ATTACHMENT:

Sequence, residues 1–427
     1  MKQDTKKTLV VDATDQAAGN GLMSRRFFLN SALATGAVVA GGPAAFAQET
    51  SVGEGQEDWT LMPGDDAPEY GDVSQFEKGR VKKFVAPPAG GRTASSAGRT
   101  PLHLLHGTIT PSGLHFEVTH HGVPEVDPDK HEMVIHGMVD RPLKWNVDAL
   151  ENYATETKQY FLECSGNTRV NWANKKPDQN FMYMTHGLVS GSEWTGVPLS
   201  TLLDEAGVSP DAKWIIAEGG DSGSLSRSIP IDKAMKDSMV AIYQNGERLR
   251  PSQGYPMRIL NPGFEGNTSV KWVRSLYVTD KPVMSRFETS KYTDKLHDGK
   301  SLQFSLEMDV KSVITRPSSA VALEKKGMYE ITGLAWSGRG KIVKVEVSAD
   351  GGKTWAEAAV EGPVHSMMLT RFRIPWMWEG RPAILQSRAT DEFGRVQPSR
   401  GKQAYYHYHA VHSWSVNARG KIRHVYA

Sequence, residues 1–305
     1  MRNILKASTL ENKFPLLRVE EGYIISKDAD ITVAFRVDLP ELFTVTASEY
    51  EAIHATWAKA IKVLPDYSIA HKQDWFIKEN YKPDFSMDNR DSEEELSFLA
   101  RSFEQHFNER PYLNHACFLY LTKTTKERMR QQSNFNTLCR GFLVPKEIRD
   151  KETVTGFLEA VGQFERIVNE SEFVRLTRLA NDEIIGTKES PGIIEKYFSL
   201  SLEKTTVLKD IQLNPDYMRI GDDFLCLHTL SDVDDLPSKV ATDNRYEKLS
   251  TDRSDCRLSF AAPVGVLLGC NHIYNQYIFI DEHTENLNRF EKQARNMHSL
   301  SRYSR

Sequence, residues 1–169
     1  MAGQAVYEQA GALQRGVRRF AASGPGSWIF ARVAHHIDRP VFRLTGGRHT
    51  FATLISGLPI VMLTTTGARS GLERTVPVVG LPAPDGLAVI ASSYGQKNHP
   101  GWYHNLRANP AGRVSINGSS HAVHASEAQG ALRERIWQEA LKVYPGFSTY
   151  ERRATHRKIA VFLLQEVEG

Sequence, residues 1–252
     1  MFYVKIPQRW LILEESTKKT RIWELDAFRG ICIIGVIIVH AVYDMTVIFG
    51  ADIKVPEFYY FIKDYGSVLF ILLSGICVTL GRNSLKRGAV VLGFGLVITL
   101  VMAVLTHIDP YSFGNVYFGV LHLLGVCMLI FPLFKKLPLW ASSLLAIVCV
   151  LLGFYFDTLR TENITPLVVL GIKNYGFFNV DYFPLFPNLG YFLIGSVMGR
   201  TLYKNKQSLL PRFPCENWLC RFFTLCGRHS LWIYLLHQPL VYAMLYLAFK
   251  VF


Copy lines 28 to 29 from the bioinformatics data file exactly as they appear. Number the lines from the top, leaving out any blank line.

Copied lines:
   151  LLGFYFDTLR TENITPLVVL GIKNYGFFNV DYFPLFPNLG YFLIGSVMGR
   201  TLYKNKQSLL PRFPCENWLC RFFTLCGRHS LWIYLLHQPL VYAMLYLAFK